Huang is a subject of criminal investigations. He is accused of money laundering, corruption, fraud and tax evasion. Huang is also involved in the purchase of a multi-million dollar furniture consignment for Geingob’s house that was exposed earlier this year by The Namibian.
Huang, chairs the Sun Group—a property and finance conglomerate that has a huge stronghold in Namibia.
A trained economist, he has conducted business in Namibia and has in the past told The Patriot during an interview that “Namibia is an ideal place to do business” saying he has invested over N$100 million in Namibia since his arrival at the turn of the century.
Huang has a 60 percent shareholder in African Sunrise Investment, in which the Dr. Hage Geingob Family Trust and the president’s ex-wife Loini each had a 20 percent stake. Geingob has since cut his business ties with Huang.
Huang and Geingob met when Geingob was still Trade and Industry minister.
“He came to Oshikango for a visit and my factory was one of the places he visited-that is how we met. I do not know whether he[Geingob] takes me as a friend but for me he is a very important figure.
Our communication is not for business purposes, but for the scholarship program I run through which Namibian students are sent to China on fully paid scholarships to the best universities for studies. That is our area of focus when we interact,” said Huang during a 2016 interview.
Huang at the time said “ever since I came to Namibia I never got any state projects…not a single one! Everything I do is my own investments.”
He has however confirmed having applied for State contracts.

Yet despite the countless similarities, Geingob was in many ways far more deserving of public sympathy then Zuma. Geingob’s promise to lead Namibia to prosperity by fighting corruption and reducing inequality was immeasurably more positive than Zuma’s corruption fight.
Geingob’s genius in administrative matters is unheralded while Zuma was seen to be more receptive to what those around him tells him.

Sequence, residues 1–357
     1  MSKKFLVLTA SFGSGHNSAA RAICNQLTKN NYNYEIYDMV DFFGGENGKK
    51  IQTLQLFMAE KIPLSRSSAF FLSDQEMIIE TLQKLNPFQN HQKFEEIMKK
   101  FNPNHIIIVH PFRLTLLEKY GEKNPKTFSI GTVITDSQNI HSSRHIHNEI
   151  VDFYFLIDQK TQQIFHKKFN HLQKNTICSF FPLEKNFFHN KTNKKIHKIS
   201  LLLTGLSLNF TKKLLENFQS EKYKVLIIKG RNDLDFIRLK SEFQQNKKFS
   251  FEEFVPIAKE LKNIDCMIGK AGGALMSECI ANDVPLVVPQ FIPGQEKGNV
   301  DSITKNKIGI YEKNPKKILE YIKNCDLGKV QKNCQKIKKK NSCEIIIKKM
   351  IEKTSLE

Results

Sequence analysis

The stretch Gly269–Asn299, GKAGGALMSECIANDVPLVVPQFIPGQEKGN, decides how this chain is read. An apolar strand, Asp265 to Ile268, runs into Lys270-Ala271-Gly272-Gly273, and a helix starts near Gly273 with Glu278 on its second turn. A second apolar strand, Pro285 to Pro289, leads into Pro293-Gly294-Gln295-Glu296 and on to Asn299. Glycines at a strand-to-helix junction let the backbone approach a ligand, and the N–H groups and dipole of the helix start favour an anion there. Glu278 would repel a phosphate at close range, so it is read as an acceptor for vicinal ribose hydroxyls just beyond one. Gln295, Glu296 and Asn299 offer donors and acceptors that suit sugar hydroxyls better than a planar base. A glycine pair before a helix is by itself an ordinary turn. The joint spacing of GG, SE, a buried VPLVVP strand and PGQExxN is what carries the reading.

Despite holding five honorary degrees, Zuma’s track record in the classroom is minimal.
As for Geingob, in addition to several honorary accolades, he holds a Doctor of Philosophy Degree from the University of Leeds. His dissertation was on State Formation in Namibia: Promoting Democracy and Good Governance.
Although his academic credentials leaves much to be desired, Zuma’s political prowess is unrivalled.
Zuma survived more than five no confidence votes during his presidency. Political experts have often likened him to a “political god”.
Geingob unlike Zuma, found Namibia in an unquestionably poor shape compared to how his counterpart found South Africa. In 2015, he inherited a roof-high balance of deficits and debts. It was also during the time Namibia slid into a recession.
Geingob had to deal with the consequences of falling global commodity prices and a teetering economy that led to massive job losses which had a direct impact on his blueprint plan-Harambee Prosperity Plan-that is meant to fight poverty.
He has however been accused of adding to the country’s economic woes by increasing the number of parliamentarians as well as Cabinet through the formation of new ministries. Geingob also appointed five advisors who came at a hefty price.
As different as they may be  their key similarity is found in their ability to bounce back, not withstanding the circumstances.